Call him a designer, an architect, an urban planner, a political thinker. Anything but a conformist. Gaetano Pesce is ever the proponent of new forms, techniques, and technologies, and he likes nothing more than shaking up the design landscape.
He's been at it for more than 40 years. Born in La Spezia, Italy, in 1939, he studied architecture and industrial design at the Università IUAV di Venezia. Soon after he completed his studies, he left Italy for a decade of travels that took him to Finland, Japan, and the U.S. He subsequently settled in London, then in Paris. He's lived since 1983 in New York, where he started out teaching architecture at the Cooper Union and now heads Pesce Ltd.
Part of Pesce's genius has been to prod industry titans beyond their comfort level-Cassina, B&B Italia, and Meritalia among them. "Finding new ways to work has been important historically. I suggest how to manufacture each piece so it looks unique," he says. The stylized I Feltri wing chair in wool felt, the boldly colored polyester-resin Sansone I table, the biomorphic Nobody's Perfect bed in resin and steel. Weird and wonderful when introduced, they're now part of the contemporary cannon.
Perhaps his most classic-and recognizable-creations are the chairs in the Up series, which debuted in 1969 at Milan's Salone Internazionale del Mobile and were reissued in 2000 by B&B Italia. "It's the first political object in modern industrial design," Pesce claims. "It resembles the ' female body, with ball and chain."
Polyurethane, colored resin, and synthetic wool, mixed with glue, are all materials favored by this Renaissance man. His ceaseless experimentation has its roots in a love of history. "When someone expresses himself in a certain time, he does so with the tools and materials being discovered then," he says. "Stone or wood are from another moment." As draftsman, painter, and sculptor, Pesce likewise works in varied materials, with many of his pieces owing a debt to Arte Povera.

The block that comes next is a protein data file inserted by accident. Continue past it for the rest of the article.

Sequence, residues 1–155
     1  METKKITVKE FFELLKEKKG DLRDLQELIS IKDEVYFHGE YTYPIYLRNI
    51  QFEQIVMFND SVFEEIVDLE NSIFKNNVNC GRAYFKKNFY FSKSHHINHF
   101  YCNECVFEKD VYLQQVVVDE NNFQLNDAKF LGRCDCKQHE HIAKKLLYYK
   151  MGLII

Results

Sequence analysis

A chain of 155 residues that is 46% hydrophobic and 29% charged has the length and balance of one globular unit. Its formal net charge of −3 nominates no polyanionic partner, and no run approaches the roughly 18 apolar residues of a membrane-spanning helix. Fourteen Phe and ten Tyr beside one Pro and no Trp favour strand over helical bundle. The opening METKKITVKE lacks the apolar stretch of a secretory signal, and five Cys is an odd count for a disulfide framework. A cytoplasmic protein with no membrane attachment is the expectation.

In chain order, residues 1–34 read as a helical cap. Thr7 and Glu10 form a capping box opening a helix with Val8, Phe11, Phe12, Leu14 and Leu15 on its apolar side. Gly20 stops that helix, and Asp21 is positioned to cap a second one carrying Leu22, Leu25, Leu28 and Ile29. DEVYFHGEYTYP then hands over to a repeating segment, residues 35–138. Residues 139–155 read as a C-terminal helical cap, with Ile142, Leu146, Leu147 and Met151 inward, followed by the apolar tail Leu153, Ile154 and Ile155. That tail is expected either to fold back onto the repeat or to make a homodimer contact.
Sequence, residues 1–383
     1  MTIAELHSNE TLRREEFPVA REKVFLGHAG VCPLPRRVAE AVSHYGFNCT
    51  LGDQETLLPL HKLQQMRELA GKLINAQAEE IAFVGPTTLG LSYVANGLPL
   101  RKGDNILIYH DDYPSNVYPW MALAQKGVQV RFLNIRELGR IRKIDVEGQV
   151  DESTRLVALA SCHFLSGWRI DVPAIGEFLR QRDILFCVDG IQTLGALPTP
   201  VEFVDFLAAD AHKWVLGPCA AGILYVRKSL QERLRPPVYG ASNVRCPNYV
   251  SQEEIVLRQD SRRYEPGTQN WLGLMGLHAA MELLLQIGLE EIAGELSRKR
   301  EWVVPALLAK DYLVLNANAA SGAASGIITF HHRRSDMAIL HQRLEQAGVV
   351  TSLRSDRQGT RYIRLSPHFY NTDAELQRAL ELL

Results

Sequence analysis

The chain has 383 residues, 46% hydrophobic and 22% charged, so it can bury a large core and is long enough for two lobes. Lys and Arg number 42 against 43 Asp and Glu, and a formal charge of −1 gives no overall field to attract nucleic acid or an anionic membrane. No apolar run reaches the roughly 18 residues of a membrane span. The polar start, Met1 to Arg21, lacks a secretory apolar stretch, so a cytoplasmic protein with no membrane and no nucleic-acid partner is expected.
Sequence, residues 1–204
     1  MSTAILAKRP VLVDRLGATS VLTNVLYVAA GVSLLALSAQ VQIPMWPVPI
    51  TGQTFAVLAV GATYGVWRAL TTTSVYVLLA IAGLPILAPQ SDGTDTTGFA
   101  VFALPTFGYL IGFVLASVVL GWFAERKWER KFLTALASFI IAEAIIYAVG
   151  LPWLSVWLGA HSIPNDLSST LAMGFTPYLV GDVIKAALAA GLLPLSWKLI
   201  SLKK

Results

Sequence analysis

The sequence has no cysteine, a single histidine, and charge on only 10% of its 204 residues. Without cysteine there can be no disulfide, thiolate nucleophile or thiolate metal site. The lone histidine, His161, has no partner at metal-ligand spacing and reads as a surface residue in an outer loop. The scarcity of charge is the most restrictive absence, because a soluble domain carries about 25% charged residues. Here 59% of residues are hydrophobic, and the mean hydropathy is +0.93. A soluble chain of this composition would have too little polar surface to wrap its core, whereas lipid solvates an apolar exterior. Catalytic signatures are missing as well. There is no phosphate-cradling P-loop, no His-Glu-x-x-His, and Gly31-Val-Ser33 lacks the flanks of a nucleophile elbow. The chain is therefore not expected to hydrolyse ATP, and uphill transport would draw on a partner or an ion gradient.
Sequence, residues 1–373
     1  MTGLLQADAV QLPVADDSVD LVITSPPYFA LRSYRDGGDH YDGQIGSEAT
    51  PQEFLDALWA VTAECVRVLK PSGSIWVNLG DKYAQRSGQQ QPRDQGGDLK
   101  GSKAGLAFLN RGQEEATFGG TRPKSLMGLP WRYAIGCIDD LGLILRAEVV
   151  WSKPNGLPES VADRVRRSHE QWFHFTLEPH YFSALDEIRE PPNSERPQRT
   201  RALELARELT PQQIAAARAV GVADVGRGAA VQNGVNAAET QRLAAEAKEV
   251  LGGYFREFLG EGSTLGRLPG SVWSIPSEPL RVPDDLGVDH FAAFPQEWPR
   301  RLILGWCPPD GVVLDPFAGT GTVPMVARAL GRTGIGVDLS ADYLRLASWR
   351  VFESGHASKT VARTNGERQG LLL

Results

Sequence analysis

His permanent installations at arts institutions include his massive glass-and-steel chandeliers at the Palais des Beaux-Arts in Lille, France. His work has also appeared in several temporary shows-the Biennale di Venezia and the Triennale di Milano in the last few years alone. In 2005, the Philadelphia Museum of Art honored him with a retrospective, "Pushing the Limits."
Compared to Pesce's prolific output of furnishings, his interiors and buildings are few. "It's harder to be innovative in architecture. People don't take risks," he points out. An exception to that was adman Jay Chiat, who collaborated with Pesce in 1995 on the colorful New York office of TBWA\Chiat\Day.
Pesce has found fewer restrictions in Brazil: That's why he built his house in Bahia. The two-story structure is clad in jewel-toned resin tile, an inexpensive material that stands up to sun and water.
The ever global Pesce is now in negotiations with a furniture manufacturer in Manila. Back in his native Italy, he has converted a 16th-century Florentine workshop into Il Cestello restaurant, and he's designing a library in Lovere.